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The lost energy of Cosmic Background Radiation

by JuanCasado
Tags: background, cosmic, energy, lost, radiation
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julcab12
#19
Jan8-13, 03:12 AM
P: 150
Quote Quote by Chalnoth View Post
One way to understand why it has this effect is to consider a somewhat different scenario:

Imagine that we have an enclosed box, and within that box is a gas of photons (you can simply imagine the box as having some temperature, which causes it to be filled with radiation). That gas of photons exerts radiation pressure on each wall of the box equal to [itex]\rho/3[/itex].

Now, what happens if we cause this box to expand in size? Well, if the box expands by a factor of [itex]a[/itex], then the photon pressure on each side of the box exerts work on the box. Because the work is in the direction of the motion of the walls of the box, this amounts to a transfer of energy from the photon gas to the walls of the box. In fact, if you calculate the energy transfer, you exactly get the loss of energy of the photon gas that we see as a redshift.

As to why this pressure leads to a faster slowdown of the expansion, well, that's a bit harder to explain. But suffice it to say that pressure is sort of a kind of energy density, and gravity responds just as well to this sort of energy density as it responds to mass energy.
Good analogy but for noobies like me. It would be a good thing if you mention such limitations, conditions and a brief elaboration of each component first to avoid misconceptions.
Chalnoth
#20
Jan8-13, 07:19 AM
Sci Advisor
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Quote Quote by bcrowell View Post
This is incorrect. You're comparing (1) a cosmological spacetime with (2) a system consisting of a box with photons inside. In case 1, energy isn't conserved (as explained in the FAQ linked to in #15). In case 2, energy is conserved.
It is a different system, but I think it is rather interesting that the math works out identically.
Chalnoth
#21
Jan8-13, 08:35 AM
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Quote Quote by julcab12 View Post
Good analogy but for noobies like me. It would be a good thing if you mention such limitations, conditions and a brief elaboration of each component first to avoid misconceptions.
It's not really an analogy. It's a slightly different system that behaves in the exact same way mathematically. This is at least suggestive that we can think of gravity as soaking up the lost energy in the expanding photon field.
atyy
#22
Jan8-13, 01:31 PM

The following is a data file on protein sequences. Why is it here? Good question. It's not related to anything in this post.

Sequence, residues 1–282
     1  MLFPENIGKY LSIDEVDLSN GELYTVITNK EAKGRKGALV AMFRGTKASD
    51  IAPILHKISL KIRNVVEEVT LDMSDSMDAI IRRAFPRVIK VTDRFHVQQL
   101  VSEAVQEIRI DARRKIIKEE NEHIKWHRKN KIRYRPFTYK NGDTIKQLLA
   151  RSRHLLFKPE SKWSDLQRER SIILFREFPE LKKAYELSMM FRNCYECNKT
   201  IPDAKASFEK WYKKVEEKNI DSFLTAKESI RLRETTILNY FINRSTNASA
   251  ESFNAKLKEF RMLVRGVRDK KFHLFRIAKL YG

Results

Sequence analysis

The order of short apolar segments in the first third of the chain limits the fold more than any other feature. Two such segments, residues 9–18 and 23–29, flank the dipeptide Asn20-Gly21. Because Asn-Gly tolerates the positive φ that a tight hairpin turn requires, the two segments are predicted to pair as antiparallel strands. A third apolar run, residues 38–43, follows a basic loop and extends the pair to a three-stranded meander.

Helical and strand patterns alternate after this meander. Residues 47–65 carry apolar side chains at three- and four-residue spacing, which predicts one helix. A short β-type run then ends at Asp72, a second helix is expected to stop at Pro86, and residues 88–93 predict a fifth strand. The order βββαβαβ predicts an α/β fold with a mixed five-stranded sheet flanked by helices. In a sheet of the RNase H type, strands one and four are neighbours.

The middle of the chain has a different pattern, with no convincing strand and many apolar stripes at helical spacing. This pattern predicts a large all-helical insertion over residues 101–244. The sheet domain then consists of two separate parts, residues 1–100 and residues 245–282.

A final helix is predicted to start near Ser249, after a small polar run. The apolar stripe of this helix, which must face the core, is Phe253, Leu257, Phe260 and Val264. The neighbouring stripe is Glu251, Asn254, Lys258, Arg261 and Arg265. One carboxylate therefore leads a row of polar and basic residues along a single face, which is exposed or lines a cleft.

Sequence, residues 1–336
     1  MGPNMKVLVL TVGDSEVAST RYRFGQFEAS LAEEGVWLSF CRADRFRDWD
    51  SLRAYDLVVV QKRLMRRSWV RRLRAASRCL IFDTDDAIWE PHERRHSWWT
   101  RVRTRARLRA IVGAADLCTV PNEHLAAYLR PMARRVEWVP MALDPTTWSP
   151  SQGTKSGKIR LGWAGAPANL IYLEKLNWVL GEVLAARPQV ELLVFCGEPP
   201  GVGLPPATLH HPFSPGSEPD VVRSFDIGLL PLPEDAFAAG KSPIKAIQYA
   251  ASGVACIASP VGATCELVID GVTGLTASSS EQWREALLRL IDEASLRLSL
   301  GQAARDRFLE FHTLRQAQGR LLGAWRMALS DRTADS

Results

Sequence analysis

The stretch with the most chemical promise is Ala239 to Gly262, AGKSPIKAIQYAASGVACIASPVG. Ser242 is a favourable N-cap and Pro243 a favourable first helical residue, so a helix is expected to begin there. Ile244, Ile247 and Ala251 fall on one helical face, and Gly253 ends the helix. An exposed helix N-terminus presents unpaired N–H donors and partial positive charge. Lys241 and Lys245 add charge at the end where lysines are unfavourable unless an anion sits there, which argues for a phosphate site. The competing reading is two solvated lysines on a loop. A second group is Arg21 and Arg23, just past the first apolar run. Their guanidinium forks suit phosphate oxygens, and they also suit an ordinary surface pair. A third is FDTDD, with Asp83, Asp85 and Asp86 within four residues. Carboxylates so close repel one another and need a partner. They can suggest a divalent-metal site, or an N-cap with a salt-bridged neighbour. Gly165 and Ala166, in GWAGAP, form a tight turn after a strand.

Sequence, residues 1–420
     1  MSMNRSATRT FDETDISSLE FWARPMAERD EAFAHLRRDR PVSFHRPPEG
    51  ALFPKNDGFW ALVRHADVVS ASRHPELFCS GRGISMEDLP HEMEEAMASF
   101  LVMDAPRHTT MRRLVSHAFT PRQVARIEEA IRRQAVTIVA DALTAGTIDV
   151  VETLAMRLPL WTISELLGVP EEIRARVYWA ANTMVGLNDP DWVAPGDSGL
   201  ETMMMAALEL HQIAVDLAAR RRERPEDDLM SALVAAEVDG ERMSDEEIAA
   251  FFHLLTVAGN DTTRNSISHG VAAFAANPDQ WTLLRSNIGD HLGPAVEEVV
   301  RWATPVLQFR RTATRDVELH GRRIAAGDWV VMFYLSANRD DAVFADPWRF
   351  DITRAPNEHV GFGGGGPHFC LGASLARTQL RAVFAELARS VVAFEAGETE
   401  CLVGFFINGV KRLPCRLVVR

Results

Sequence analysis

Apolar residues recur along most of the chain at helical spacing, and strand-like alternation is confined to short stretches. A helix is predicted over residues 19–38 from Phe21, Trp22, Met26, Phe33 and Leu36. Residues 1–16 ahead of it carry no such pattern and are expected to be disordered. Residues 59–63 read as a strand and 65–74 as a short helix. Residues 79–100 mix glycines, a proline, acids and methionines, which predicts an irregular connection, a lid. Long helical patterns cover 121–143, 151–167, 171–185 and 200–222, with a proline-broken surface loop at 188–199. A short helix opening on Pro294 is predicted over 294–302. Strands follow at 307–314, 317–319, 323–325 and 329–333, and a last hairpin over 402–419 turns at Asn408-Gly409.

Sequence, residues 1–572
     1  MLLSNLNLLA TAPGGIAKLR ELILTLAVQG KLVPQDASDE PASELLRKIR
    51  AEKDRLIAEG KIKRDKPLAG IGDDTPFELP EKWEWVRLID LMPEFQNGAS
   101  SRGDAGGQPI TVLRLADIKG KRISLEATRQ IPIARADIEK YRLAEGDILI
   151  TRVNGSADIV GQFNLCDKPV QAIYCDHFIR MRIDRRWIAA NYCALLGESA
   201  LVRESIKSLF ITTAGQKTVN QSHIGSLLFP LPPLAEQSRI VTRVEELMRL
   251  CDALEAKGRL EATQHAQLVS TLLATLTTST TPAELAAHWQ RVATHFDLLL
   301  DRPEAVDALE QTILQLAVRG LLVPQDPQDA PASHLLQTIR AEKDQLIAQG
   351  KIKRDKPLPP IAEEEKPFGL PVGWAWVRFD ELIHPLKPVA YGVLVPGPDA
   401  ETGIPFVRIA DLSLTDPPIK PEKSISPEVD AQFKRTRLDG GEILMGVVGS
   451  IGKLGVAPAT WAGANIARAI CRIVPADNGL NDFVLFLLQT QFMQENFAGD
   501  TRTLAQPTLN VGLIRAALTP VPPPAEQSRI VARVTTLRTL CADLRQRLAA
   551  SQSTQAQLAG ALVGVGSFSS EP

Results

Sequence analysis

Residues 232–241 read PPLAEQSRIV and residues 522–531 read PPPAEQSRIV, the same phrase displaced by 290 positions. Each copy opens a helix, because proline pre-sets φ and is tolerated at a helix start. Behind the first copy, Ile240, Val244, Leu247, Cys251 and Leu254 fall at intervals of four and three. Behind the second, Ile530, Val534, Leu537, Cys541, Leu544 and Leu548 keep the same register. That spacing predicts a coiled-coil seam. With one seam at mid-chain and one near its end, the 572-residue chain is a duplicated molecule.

Sci Advisor
P: 8,375
In the Harrison textbook I linked to #18 there is an extensive discussion of the analogy (p349-350). He says it's ok for things that don't depend on spatial curvature. He contrasts two physicists, one doing the full GR calculation and one doing the box calculation. He does say that the GR physicist will be surprised that after evaluating all the difficult integrals, that he gets the same answer as the simple minded box physicist. He also says that energy is not conserved in the box. He does say that the analogy fails in that in the box, energy is still conserved in box + surroundings, whereas in the universe, energy is simply not conserved.
JuanCasado
#23
Jan9-13, 04:24 AM
P: 34
The analogy described seems reasonable and clarifying to me. However, the ammount of ordinary matter within the observable universe results to be similar to the amount of energy lost by CBR since decoupling...
Just an accident by mere chance? or perhaps a kind of new coincidence problem in cosmology?
Chalnoth
#24
Jan9-13, 08:09 AM
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Quote Quote by JuanCasado View Post
The analogy described seems reasonable and clarifying to me. However, the ammount of ordinary matter within the observable universe results to be similar to the amount of energy lost by CBR since decoupling...
Just an accident by mere chance? or perhaps a kind of new coincidence problem in cosmology?
I don't think there can be anything particularly special here, at least not anything pointing to new physics.

The issue is that the radiation energy density at decoupling is fixed by the fact that a hydrogen-helium plasma turns to a gas at around 2970K. The baryon energy density, on the other hand, was set by the amount of imbalance between normal matter and anti-matter in the very early universe, which was decided by physics at extremely high temperatures when the radiation energy density was vastly, vastly higher than the matter energy density.

Now, since the baryon asymmetry was determined in the very early universe, as the temperature dropped and various forms of matter became non-relativistic, they dumped their energy into photons. But the various times that occurred also happened at much higher temperatures when the photon and baryon energy densities were extremely different.

So no, I don't think there's anything particularly special here.


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